Thursday, June 08, 2023  |



U.S. team goes 0-3 on fifth day of Olympic boxing competition

Fighters Network

Three members of Team USA — bantamweight Joseph Diaz Jr., heavyweight Michael Hunter and super heavyweight Dominic Breazeale — lost on Wednesday, the fifth day of the 2012 Olympic boxing competition in London.

Diaz, Jr., of South El Monte, Calif., fell to Cuban world champion Lazaro Alvarez Estrada; Hunter, of Las Vegas, lost to Russia’s Artur Beterbiev; Breazeale, of Alhambra, Calif., lost to Omarov Magomed, also of Russia.

Diaz battled both his opponent and the Cuban mystique in his bout with Estrada, which was a rematch from the 2011 World Championships. The Cuban was extremely busy during the first round, showcasing the patented Cuban footwork but Diaz also enjoyed bright spots of his own, finding a home for his sharp left hand. Estrada held a 7-6 lead after one but Diaz came out firing in the second. The 19-year-old American looked to enforce his will as the Cuban’s output began to lower and Diaz landed strong, accurate punches. Yet the judges had Estrada up by a 14-10 margin after the second. Diaz refused to be discouraged by the score and continued to be the aggressor in the third round, pushing Estrada around and landing a wide array of punches. Despite Diaz’s efforts, the Cuban was named the victor by a 21-15 final score to eliminate the American bantamweight from the tournament.

“I thought in the second round, I was landing clean shots. I thought it was going to be closer. At least me up by one, tied or me down by one but the judges didn’t see it that way so I just fought my heart out the last round and tried to pull it out but I didn’t get the W,” Diaz said. “He’s a really great counterpuncher. He’s very long so its hard to get in on him but once you get in, he puts his whole body weight on you so either you’ll be tired or you won’t be able to get shots off on him. He’s really smart, he’s a really great fighter and I hope he gets the gold medal.”

Hunter faced off in an ugly match-up with Beterbiev later in the session. The American heavyweight, who finally made it to the Olympic Games following an unsuccessful run in 2008, took the first lead in the bout, holding a 4-3 advantage after one. Much of the second round consisted of the two boxers in a clinch, but they still managed to put four points a piece on the board and Hunter went into the final round up one. The holding continued into the second, but Hunter looked to land shots and extend his lead. Beterbiev was able to pull the bout to a 10-10 tie and won the contest on a tiebreaker decision.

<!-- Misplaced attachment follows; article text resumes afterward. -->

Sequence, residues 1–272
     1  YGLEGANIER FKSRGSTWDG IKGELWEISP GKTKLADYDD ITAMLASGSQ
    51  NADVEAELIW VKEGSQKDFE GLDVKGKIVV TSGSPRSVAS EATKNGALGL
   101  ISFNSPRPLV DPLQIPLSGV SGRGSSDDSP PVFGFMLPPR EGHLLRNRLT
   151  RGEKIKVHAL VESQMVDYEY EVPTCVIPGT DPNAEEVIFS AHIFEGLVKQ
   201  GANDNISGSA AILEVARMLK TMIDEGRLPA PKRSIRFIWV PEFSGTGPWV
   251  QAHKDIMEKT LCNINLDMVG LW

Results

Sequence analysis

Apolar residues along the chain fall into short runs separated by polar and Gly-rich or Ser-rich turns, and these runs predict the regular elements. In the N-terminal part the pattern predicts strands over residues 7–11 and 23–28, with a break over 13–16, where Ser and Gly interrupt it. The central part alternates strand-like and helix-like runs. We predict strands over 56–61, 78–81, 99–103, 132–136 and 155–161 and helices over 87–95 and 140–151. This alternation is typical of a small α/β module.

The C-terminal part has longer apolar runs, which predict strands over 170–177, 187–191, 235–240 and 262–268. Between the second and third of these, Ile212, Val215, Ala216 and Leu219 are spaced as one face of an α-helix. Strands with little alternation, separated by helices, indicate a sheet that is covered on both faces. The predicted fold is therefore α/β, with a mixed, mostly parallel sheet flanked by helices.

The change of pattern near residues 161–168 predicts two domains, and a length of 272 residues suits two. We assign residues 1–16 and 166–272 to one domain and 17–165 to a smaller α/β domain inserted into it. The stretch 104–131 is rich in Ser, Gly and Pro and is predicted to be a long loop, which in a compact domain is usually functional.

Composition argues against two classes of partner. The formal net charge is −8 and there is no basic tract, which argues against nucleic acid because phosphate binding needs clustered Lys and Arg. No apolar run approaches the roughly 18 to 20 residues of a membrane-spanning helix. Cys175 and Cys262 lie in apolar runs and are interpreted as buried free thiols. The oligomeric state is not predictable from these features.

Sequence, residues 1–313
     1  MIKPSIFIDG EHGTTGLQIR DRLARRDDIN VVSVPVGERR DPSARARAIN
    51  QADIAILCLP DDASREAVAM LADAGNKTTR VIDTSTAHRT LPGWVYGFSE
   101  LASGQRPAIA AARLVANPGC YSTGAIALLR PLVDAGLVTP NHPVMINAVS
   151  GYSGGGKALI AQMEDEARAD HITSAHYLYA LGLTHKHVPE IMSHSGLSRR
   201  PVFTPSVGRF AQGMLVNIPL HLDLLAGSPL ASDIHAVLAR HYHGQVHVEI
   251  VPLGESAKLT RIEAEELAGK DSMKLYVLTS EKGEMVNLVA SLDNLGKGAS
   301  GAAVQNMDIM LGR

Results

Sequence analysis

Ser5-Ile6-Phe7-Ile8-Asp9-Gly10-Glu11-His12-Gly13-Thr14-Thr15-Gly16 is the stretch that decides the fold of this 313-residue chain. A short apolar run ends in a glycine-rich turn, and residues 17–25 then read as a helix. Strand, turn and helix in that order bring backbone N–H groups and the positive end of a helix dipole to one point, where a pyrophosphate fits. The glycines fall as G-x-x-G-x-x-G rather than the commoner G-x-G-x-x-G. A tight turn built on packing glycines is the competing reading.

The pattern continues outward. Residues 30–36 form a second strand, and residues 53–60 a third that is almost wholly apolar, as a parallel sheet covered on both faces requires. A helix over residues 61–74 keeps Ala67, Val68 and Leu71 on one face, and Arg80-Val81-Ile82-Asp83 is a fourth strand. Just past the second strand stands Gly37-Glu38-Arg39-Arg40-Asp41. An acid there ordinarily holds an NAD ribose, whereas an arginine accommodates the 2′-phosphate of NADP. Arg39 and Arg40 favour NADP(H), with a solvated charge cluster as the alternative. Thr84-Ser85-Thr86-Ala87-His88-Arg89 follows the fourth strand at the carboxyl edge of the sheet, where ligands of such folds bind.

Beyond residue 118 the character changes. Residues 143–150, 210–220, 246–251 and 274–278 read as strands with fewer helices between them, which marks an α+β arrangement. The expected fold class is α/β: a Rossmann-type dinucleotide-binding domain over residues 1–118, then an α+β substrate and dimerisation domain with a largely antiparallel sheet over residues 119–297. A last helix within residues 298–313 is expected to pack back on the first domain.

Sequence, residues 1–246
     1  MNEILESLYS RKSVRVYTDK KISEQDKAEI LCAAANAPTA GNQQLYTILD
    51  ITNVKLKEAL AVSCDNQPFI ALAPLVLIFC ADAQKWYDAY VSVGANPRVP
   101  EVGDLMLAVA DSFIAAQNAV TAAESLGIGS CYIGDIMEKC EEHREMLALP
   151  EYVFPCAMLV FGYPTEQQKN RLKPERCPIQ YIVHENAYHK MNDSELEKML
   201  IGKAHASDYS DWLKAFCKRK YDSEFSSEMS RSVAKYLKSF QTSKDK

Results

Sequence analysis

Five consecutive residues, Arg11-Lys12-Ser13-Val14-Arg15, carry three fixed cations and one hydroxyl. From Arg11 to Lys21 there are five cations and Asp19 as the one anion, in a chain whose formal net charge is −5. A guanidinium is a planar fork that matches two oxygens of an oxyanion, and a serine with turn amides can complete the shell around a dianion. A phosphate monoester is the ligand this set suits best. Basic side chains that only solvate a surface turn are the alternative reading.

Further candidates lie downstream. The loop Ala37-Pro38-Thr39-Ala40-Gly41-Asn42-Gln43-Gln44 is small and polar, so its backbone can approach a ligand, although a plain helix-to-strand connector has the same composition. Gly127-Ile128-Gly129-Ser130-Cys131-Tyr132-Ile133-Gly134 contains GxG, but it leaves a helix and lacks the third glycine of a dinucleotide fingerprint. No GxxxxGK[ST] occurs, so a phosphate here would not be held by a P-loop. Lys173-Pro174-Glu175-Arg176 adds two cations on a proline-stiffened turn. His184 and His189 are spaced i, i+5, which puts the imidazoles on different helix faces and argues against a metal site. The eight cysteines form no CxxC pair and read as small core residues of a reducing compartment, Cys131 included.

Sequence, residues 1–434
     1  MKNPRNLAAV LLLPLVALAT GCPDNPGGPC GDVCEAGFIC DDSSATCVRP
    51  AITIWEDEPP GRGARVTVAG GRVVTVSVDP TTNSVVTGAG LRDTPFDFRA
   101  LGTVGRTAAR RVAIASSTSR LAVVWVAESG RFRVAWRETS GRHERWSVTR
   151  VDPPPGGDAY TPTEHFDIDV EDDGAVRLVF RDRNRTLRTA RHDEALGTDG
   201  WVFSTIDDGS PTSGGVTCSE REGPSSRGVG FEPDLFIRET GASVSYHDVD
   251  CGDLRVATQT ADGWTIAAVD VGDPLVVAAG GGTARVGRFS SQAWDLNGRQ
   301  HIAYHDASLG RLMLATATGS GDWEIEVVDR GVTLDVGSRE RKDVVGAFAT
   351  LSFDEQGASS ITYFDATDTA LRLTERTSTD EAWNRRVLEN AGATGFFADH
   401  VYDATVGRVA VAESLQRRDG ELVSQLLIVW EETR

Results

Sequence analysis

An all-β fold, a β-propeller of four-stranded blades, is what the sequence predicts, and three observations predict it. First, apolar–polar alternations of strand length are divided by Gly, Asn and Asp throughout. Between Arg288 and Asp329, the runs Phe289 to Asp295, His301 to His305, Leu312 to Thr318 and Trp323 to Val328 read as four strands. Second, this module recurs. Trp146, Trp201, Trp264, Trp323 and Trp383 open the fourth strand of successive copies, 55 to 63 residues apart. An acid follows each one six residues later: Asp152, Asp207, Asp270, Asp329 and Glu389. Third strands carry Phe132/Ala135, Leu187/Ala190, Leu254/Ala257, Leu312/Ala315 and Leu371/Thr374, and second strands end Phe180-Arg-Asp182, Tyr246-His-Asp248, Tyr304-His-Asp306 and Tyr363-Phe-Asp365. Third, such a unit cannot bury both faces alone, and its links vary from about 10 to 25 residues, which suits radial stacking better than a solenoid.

“I think it was a close fight and he was able to put his game plan in more than I was and he was just the better man,” Hunter said. “My game plan was to make it simple and just box and use my legs, which I wasn’t able to do. Make it an easy fight, 1-2-3s and keep turning and stay away from his right hand. He was able to time my jab more than I expected early.”

Per AIBA Technical and Competition Rules, a tiebreaker is determined by the following: The lowest and highest judges total scores for each boxers are thrown out and the remaining three total punch counts are combined for each boxer. The boxer with highest total punch count is named the winner of the bout.

Breazeale drew a tough bracket in his first Olympic Games, battling Magomed. The Russian’s experience showed early as he landed some heavy shots on the game American and Magomed held a 5-0 lead after one. Breazeale was able to get some offense going in the second but couldn’t evade all of Magomed’s punches and faced a 13-4 deficit with one round remaining. He looked to mount a comeback in the third but fell short and Magomed won a 19-8 decision.

“I got behind pretty early. Trying to play the catch up game in amateur boxing is not going to work. I’m learning from this experience and being here at the Olympics,”Breazeale said. “The trainers did a great job, every time I came back to the corner, they said stick to the game plan. I wasn’t sticking to the game plan and in the middle of a bout, you can’t second guess yourself and I was doing a lot of that.”

Two U.S. boxers will look to get America back on the winning track on Thursday as lightweight Jose Ramirez, Avenal, Calif., faces Uzbekistan’s Fazliddin Gaibnazarov at 9 p.m. London time (4 p.m. ET) and middleweight Terrell Gausha, Cleveland, Ohio, faces India’s Vijender Singh at 9:45 p.m. London time (4:45 p.m. ET).